The recent signing of stem cell and reproductive cloning legislation by California Governor Gray Davis demonstrates, once again, that the Golden State is ahead of the regulatory pack. The legislation includes a permanent ban on reproductive cloning and an explicit endorsement of stem cell research. The stem cell bill thaws the federally induced chill on such research by opening up opportunities and state funds for study of multipotent and pluripotent stem cells, including those produced by nuclear transplantation.
Both pieces of legislation are rooted in the post-Dolly national debate about cloning. As that debate was reaching an impasse in 1997, California enacted a five-year moratorium on the use of cloning technology to produce a child.
As required by that legislation, California appointed a committee to evaluate the "medical, ethical and social implications" of human cloning. That panel--on which I served--spent over two years listening to specialists and members of the public discuss how the state ought to respond both to the potential to produce cloned human beings through somatic cell nuclear transplantation and to the budding use of this technique to produce human stem cells. The committee's report was delivered to Sacramento in January.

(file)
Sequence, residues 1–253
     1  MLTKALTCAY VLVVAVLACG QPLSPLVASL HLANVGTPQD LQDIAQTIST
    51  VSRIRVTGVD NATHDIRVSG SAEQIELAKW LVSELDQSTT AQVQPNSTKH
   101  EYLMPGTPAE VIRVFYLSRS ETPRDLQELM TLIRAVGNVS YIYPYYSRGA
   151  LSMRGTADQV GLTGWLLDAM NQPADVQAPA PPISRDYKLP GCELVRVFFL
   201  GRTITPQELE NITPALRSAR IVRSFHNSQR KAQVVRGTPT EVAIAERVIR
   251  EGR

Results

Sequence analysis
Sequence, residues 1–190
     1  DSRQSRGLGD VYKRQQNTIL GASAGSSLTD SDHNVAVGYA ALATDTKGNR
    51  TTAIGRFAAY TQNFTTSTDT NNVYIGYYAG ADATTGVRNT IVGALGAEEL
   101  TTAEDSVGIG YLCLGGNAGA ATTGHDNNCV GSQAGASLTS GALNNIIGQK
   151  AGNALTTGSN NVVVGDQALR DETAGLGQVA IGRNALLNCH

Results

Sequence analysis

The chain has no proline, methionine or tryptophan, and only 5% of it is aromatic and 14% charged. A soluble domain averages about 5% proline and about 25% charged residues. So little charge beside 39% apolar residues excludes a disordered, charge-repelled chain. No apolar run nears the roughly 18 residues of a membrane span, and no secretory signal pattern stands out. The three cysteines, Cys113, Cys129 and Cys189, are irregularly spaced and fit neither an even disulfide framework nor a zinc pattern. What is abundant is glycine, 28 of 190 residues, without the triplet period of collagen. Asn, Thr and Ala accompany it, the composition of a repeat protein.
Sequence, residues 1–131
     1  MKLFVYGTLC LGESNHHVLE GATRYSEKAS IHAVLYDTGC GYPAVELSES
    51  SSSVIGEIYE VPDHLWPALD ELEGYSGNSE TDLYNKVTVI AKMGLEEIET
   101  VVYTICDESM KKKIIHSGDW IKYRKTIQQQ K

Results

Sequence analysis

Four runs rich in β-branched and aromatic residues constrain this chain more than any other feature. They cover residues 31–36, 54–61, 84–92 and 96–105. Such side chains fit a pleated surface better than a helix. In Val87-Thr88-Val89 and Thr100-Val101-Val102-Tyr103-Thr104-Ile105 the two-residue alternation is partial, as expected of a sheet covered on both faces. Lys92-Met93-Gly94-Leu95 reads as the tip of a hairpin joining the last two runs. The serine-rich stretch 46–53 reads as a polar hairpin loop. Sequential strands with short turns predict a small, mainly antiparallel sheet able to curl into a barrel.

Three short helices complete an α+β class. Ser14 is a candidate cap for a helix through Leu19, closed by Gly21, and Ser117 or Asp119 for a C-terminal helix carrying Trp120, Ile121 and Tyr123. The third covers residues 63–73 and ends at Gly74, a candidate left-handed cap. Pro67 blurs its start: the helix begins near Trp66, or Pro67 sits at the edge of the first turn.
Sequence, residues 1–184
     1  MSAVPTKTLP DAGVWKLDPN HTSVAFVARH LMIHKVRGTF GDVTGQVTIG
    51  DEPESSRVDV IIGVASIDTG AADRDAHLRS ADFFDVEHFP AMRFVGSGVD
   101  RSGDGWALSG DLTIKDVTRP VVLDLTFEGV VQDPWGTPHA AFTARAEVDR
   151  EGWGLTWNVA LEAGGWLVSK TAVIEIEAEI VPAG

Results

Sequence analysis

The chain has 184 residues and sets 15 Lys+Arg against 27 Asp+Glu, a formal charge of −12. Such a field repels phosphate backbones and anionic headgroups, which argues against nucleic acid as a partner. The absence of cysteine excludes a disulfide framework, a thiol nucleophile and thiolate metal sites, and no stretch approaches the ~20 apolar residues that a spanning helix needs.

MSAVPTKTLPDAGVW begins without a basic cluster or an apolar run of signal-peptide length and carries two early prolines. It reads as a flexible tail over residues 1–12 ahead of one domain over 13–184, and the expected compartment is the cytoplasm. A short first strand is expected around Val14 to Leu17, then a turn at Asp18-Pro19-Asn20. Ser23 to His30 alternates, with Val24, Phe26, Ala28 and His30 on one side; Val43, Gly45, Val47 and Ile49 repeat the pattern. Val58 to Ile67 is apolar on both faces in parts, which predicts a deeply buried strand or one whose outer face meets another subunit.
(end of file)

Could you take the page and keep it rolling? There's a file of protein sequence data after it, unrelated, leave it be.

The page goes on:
The committee's unanimous conclusion to ban reproductive cloning--cloning to produce a child for rearing--rested chiefly on profound concerns for the physical safety both of the baby produced and of the gestational mother. But reproductive cloning raises many other significant social and ethical problems, including confusing familial relationships, psychological harms to …